Among the many bombshells in Prince Harry’s recently-released autobiography is an odd claim that Meghan Markle booked his father-in-law a first class ticket on Air New Zealand from Mexico to London, when Air New Zealand neither offers a first class product nor flies to Mexico.
Prince Harry Makes Odd Claim About First Class Flight From Mexico On Air New Zealand
In one passage of his autobiography Spare, the Duke of Sussex writes about how he and his wife Meghan urged her father, Thomas Markle, to flee Mexico:
“We told him, leave Mexico right now: A whole new level of harassment is about to rain down on you, so come to Britain. Now. Air New Zealand, first class, booked and paid for by Meg.”
Critics pointed to two issues with this claim. First, Air New Zealand does not and has never served Mexico. Second, Air New Zealand does not offer a first class product.
Indeed, an Air New Zealand spokesperson told the New Zealand Herald:
“We’ve never had flights between Mexico and the UK. And we only have Business Premier.”
There is no excuse for the lack of attention to detail by Harry’s ghostwriter, but I’m willing to give him the benefit of the doubt here (and only here, not in the many other private family matters he foolishly discussed in the book). My guess is that the Duke of Sussex really meant to say that Thomas Markle was offered a flight via Los Angeles to London on Air New Zealand. At the time (2018), Air New Zealand was still flying this Fifth Freedom route (you can read my review of it in business class here).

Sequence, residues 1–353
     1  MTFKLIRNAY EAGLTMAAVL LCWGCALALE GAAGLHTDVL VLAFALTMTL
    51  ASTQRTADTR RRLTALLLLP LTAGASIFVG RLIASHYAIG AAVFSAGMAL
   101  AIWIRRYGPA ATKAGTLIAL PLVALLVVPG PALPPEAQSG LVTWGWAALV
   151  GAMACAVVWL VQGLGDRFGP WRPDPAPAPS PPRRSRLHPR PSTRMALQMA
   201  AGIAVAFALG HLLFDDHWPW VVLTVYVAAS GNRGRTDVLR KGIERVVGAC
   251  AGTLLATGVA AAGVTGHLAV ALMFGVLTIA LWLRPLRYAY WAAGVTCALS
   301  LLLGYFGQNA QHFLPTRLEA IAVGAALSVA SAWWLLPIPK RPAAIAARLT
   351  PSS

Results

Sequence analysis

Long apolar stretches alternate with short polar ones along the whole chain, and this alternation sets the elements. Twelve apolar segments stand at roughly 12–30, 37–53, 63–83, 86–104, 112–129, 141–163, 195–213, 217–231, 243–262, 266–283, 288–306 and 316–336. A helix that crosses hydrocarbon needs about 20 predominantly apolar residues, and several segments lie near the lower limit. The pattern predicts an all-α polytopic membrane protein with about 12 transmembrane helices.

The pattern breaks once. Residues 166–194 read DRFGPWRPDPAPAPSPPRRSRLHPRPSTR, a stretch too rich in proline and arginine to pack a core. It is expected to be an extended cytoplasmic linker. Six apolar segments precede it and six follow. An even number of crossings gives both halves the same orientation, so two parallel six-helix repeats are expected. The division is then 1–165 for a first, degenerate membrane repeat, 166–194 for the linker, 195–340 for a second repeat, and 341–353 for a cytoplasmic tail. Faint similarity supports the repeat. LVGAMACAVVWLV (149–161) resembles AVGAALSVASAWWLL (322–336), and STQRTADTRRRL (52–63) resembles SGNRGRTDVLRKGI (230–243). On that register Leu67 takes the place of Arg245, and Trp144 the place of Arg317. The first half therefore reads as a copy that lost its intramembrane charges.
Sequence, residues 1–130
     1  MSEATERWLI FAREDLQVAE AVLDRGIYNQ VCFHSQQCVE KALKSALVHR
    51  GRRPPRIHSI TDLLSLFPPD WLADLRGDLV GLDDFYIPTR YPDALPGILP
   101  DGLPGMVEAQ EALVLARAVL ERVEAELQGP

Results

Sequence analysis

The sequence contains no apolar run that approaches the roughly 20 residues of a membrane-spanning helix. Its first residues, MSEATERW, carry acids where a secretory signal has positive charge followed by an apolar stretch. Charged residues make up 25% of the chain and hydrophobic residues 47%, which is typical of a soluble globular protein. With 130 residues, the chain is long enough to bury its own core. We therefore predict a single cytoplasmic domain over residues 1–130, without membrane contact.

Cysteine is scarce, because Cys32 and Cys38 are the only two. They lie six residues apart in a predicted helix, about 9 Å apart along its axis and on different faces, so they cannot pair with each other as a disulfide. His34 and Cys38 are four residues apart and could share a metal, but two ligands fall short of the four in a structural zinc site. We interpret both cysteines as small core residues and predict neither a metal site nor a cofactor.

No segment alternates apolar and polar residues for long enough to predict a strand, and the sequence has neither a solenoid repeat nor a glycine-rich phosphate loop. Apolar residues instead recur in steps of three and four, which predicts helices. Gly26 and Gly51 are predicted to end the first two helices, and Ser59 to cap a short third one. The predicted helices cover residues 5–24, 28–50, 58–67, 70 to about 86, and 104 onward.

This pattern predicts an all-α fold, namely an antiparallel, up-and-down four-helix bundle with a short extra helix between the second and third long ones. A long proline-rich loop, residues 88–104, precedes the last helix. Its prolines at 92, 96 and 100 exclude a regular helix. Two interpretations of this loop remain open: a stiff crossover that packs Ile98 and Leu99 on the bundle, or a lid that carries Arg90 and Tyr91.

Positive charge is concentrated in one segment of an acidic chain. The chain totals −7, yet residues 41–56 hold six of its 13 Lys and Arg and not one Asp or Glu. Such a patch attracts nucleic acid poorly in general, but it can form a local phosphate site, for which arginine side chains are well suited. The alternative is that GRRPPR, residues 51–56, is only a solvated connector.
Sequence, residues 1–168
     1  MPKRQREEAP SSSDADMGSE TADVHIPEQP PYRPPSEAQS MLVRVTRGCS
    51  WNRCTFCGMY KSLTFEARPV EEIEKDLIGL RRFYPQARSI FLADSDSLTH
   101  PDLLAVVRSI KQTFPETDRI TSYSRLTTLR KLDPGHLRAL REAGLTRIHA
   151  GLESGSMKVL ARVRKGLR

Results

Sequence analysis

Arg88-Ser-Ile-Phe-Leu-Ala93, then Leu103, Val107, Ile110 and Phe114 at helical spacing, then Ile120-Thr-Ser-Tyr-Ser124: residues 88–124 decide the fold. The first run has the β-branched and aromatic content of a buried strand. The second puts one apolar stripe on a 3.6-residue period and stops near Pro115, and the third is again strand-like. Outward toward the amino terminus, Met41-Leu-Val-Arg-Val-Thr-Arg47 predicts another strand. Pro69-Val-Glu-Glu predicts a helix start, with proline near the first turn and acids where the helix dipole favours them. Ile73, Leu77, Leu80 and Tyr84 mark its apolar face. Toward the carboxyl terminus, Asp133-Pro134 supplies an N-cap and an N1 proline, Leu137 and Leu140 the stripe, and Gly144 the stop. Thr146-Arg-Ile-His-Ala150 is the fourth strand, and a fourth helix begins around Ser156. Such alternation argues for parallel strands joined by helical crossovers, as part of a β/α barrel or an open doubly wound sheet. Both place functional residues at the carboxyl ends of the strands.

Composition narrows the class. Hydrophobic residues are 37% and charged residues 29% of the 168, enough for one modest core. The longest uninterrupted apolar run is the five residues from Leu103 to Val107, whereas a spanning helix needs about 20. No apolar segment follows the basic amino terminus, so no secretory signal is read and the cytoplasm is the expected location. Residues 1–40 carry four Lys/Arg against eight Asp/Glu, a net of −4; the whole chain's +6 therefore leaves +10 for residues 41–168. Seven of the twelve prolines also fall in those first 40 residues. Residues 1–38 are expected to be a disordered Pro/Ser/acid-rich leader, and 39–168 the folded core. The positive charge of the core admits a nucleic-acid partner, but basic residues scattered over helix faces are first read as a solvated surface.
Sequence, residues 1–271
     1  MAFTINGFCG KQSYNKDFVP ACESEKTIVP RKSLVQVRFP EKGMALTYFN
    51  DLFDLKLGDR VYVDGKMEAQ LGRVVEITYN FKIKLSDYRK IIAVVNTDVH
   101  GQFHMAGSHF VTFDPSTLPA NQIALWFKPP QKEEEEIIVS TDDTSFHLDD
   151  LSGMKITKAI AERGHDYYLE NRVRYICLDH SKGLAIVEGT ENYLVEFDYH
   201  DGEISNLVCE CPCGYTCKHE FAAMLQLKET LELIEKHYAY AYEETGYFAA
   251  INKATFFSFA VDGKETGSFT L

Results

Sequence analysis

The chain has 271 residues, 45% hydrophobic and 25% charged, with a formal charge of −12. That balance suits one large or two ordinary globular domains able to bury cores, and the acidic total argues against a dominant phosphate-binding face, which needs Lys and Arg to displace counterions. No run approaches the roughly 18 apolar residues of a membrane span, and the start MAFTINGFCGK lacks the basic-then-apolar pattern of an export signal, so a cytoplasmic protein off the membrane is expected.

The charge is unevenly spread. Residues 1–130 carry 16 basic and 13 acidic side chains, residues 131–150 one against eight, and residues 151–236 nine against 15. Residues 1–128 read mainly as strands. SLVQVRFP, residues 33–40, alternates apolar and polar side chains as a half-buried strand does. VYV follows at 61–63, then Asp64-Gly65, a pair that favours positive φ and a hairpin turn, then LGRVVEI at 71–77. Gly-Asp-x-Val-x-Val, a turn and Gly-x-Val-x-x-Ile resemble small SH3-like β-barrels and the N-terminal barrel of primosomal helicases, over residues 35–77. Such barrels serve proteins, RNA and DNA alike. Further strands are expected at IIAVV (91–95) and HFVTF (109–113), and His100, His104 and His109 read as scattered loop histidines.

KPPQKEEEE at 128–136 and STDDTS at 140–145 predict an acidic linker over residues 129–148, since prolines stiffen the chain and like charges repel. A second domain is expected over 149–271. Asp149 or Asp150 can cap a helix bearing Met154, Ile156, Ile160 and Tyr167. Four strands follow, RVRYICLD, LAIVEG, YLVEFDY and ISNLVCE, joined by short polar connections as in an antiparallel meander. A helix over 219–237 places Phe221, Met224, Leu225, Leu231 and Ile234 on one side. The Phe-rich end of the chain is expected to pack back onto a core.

Thomas Markle lived in Rosarito, Baja California. That meant his closest major airport with service to London was Los Angeles. I would chalk up the “first class” claim to a terminology issue many less frequent travelers make in conflating business class and first class. Air New Zealand does not offer a “first class” cabin in the sense of a cabin higher than business class, but offers a “Business Premier” product that it characterizes (delusional, I must add) as a hybrid between business and first class. I also know many people who refer to business and first class interchangeably.
Thus, Harry’s words make more sense.
That’s sloppiness, but not lying. Critics, however, have contended that this error in the book calls everything else in the book into question. That’s not an inherently unreasonable statement, but probably best to use other questionable passages to probe Harry’s veracity than this one. I also think the New Zealand Herald deserves criticism for its superficial handling of Harry’s words. A little digging would have produced a logical answer.
Harry claimed Meghan wanted to fly her father from Mexico to London in first class on Air New Zealand when the airline has neither a first class cabin nor serves Mexico. As odd as that claim seems, it makes much more sense when you consider Thomas Markle’s location in Mexico and how so many people use first and business class synonymously. I don’t smell a lie here…just a bit of sloppiness.